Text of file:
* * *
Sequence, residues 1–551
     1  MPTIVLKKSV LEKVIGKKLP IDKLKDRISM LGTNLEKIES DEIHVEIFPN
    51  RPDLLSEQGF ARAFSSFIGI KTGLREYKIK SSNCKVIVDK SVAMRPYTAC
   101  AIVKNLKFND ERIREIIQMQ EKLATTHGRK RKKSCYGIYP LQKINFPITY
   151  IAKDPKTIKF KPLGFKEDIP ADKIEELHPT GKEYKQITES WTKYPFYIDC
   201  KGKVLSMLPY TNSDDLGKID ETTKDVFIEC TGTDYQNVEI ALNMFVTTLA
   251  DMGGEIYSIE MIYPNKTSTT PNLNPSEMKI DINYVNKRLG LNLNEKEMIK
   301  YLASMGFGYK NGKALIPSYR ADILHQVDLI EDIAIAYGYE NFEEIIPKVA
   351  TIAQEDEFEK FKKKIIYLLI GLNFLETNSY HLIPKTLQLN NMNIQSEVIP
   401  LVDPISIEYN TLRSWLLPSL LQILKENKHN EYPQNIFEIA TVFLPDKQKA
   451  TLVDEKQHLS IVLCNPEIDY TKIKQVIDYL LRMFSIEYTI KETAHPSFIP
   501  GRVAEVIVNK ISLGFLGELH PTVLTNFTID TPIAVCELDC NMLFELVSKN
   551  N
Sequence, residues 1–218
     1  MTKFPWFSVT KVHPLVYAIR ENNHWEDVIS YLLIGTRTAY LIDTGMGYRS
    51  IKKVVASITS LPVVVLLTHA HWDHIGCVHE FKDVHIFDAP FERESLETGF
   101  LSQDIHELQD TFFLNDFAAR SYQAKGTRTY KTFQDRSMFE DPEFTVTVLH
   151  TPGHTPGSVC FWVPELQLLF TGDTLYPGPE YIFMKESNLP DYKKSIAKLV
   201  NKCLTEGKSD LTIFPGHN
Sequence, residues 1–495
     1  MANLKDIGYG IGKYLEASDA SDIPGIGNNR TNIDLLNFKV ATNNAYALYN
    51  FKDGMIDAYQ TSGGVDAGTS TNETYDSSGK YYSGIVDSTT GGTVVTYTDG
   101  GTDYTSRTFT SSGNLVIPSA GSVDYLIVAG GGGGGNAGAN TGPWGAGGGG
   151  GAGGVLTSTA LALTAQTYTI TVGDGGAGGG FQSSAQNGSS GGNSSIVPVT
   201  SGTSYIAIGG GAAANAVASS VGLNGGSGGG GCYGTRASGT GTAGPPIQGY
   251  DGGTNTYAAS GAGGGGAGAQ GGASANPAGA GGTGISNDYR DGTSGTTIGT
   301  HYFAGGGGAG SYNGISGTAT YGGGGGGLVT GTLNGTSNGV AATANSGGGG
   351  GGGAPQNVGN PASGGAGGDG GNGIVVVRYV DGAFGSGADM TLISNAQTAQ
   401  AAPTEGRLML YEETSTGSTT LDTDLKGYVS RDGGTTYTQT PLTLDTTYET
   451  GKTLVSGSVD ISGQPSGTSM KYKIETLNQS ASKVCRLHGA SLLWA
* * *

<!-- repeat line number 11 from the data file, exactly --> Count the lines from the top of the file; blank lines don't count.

   451  TLVDEKQHLS IVLCNPEIDY TKIKQVIDYL LRMFSIEYTI KETAHPSFIP